Trouble in Dodge




 Business in Dodge had slowed.
The gun toting outlaws disappeared from town.
Killing stopped.
Drunken brawls no longer caused damage to person, or property.
The doctor sat on an old rocking chair on his front veranda his booted feet propped on the railing. Beside him on the floor he'd placed his black doctor's bag.
Everywhere was quiet.
No horses hitched outside the booze houses.
Dogs hid beneath the verandas in the shade.
Edgy.
Sheriff Coleman walked along the street his spurs jiggled with every step.
His gun hand rested on his hip above his holster ready to fire in the event of trouble.
“Who are you...” Bomber Claymore spoke, from where he stood in the shadow of his funeral business.
Sheriff Coleman grabbed his gun from his holster with the speed of light his finger on the trigger ready to fire.
He spun on his heels.
The gun pointed at the chest of Bomber Claymore before he quickly stepped to the side out of range of the barrel.
“What the hell's wrong with you Sheriff.”
“Sorry, Bomber.” He replaced the revolver in the holster. “All this silence is stressing me. Action I can handle. Where have all the troublemakers gone?”
“You haven't heard.”
“Heard what.”
“Trouble is brewing.”
“Where. From which direction.”
“Old man Johnstone's family are having a barbecue for his eightieth birthday. The party is being held out near Tin Pan Creek.”
“What has...” The roar of motor bikes cut off his question.
“Sounds like the family are arriving.” Claymore stood from his leaning position on the door jam. “Think I might mosey on down to the creek.”
“Were you invited?”
“No. Going on down to check I have the right size stock on hand. I don't want to have a rush job to make a coffin if trouble breaks out.”
Sheriff Coleman spluttered in disbelief.
“Things must be bad if you're going chasing business.”
“I used to be a boys scout,”
“Since when. I didn't know they existed.”
“I'll leave you to hold down the fort, Sheriff. I'm going to scout for future trouble.” Claymore closed the door to his business to set off toward the creek.
Claymore kept a short distance away from the barbecue site. He leaned against a tree measuring the bodies with his sight. By his estimation he'd have to prepare a few larger coffins.
“Who is the penguin,” asked a cousin, talking to another cousin who cooked meat at the barbecue fire.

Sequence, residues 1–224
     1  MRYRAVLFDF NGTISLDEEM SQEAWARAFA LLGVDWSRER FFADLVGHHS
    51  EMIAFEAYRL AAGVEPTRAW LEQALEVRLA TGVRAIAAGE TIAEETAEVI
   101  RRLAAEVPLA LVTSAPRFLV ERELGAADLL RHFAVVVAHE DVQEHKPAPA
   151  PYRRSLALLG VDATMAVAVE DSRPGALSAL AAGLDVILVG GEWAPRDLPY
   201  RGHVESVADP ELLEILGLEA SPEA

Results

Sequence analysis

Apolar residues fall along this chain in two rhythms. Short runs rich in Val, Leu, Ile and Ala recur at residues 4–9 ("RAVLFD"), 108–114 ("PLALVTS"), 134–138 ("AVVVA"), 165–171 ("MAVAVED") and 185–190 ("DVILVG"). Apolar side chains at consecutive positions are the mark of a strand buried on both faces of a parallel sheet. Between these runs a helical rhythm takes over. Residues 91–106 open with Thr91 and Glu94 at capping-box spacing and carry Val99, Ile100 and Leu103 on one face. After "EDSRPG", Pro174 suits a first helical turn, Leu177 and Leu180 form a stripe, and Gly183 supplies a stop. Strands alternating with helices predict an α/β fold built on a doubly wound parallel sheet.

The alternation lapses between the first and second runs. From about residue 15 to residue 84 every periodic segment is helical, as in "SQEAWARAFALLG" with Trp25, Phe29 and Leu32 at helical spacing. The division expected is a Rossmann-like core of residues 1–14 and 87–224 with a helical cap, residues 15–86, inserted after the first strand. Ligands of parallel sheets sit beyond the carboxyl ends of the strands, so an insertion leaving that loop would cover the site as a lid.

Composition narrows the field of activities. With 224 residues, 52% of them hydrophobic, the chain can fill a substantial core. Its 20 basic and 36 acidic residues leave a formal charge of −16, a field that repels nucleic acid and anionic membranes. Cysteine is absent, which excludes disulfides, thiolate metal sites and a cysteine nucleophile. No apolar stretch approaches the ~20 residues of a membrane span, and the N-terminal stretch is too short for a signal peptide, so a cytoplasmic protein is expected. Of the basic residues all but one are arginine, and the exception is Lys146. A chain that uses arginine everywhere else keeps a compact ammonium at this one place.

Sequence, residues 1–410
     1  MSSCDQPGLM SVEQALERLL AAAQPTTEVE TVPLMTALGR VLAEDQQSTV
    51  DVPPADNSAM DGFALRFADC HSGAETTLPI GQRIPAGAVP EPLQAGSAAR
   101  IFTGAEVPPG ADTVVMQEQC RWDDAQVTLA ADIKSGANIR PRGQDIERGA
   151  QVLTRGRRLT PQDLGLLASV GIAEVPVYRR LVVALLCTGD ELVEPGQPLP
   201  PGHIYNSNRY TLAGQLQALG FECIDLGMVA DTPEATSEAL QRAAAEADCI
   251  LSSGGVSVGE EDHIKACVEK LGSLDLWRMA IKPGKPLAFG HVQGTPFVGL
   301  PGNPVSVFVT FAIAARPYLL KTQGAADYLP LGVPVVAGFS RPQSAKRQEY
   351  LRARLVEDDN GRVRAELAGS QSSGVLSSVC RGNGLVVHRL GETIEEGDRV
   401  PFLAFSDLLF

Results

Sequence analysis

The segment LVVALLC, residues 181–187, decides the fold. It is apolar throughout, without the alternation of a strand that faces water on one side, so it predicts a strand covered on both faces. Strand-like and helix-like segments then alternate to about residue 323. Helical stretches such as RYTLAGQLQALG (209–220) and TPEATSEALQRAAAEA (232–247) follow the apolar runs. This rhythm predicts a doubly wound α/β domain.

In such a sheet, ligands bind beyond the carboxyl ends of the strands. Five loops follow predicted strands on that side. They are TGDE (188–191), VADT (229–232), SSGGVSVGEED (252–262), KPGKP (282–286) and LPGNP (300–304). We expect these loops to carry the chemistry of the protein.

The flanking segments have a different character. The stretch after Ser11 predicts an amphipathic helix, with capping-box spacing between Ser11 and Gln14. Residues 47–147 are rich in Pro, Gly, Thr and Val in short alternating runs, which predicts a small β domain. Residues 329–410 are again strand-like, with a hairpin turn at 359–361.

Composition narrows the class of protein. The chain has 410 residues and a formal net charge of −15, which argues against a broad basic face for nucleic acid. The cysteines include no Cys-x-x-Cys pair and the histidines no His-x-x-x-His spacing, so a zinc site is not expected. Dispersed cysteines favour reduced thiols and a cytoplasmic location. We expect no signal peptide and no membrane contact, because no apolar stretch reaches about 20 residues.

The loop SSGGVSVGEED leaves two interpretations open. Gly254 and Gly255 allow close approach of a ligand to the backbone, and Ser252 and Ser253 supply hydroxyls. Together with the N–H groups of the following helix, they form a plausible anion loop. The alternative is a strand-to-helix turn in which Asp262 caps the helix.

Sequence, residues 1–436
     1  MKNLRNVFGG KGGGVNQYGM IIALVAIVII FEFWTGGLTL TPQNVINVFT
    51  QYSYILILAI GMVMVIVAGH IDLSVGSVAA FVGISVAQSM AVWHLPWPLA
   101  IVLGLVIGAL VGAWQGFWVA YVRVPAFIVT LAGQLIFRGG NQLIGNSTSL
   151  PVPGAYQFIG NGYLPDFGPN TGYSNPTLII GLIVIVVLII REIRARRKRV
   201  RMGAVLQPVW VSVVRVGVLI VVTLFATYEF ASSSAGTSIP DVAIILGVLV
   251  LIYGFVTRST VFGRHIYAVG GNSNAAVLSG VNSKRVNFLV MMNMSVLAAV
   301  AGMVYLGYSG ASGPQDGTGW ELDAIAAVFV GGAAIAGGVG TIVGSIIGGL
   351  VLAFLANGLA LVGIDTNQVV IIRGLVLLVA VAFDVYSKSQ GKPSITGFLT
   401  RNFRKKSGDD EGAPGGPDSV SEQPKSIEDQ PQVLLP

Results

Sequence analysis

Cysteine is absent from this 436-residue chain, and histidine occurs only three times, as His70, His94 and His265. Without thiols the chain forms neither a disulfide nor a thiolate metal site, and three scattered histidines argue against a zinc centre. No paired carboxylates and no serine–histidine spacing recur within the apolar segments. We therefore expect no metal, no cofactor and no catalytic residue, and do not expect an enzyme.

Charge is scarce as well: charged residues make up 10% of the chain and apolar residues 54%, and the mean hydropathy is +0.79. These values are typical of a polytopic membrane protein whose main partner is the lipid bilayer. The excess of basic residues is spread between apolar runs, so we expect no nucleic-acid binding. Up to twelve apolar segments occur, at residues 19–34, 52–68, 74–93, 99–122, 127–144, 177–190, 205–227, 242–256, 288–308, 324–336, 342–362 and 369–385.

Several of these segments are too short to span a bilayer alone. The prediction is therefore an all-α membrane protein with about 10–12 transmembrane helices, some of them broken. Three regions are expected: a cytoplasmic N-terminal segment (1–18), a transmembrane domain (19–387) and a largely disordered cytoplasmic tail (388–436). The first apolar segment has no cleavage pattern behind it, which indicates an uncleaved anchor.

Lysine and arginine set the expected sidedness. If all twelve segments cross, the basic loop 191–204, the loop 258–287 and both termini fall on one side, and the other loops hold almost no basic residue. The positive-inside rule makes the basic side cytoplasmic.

Jasper looked away from the meat to look in the direction his cousin faced. “Bomber Claymore. Always dressed ready to service his next customer. Business must be slow.”
“No weddings.”
“No funerals.”
“Gramps Johnstone isn't sick, is he.”
He'll see all of us out,” said Jasper, before returning his attention to the steaks.
Dark Cloud with his band of followers stationed on the ridge over looking the barbecue area were sculling fire-water.
None of them were in a sociable mood.
Each had his reason for causing trouble.
The fire-water built their anger to fury.
Downing the last of their courage in a bottle, the braves staggered to their horses. After a couple of attempts to stay seated on the bare back the group charged down the ridge headed for the river.
The pounding of the hooves alerted the family to impending doom.
War cries reached their ears.
People scattered not wanting to be trampled by horses.
Braves grabbed bottles of wine from the tables on their pass through.
Furious bike riders raced for their machines.
Engines roared.
Bedlam reigned.
People dived not wanting to be run down by the gunned bikes racing in pursuit of the disappearing Indians.
The chase headed toward Dodge City.
Residents peeped from behind curtained windows.
The dogs cringed moving further beneath the veranda.
The horses raced through the main street.
Motor bikes roared past moments later.
The Indians headed from the road to travel through the bush.
Some bike riders tried to follow to their own peril.
Wheels crashed into unseen socks, logs, and holes, to send the riders flying off the bike to land on the ground.
Other bikers turned to charge back through town.
The Indians swayed on the back of the horse on their second rampage through the barbecue area.
Steaks forgotten became cremated.
Indians passed the bikers headed to the creek.
Arms swung through the air to knock the bikers off covering them with broken glass, and wine.
The ones who survived the barrage skidded their bikes around the go back toward town.
The sheriff, with help, placed a barricade of wagons, and barrels, across the street to stop the chase.
The Indian charged at the barrier.
Horses rose in the air to leap over where there was space.
The bikers didn't have a chance.
Tyres skidded in the gravel.
Bike and rider crashed into the wagons.
The doctor put his boots to the floor.
Picked up his doctor's bag to stroll to where the victims lay.
Sheriff Coleman cuffed those who weren't injured, bad, to have someone take them to the jail.
The Indian scooted up the ridge to escape from the law.
Once the clean up was finished Sheriff Coleman went down to the river to talk to the families.
The family were laughing.
Partying.
Telling their version of the action.
“Sorry, your party went haywire, Grandpa Johnstone,” said Sheriff Coleman.

“No worries. This is the most exciting birthday I've ever had. The entertainment was great.”

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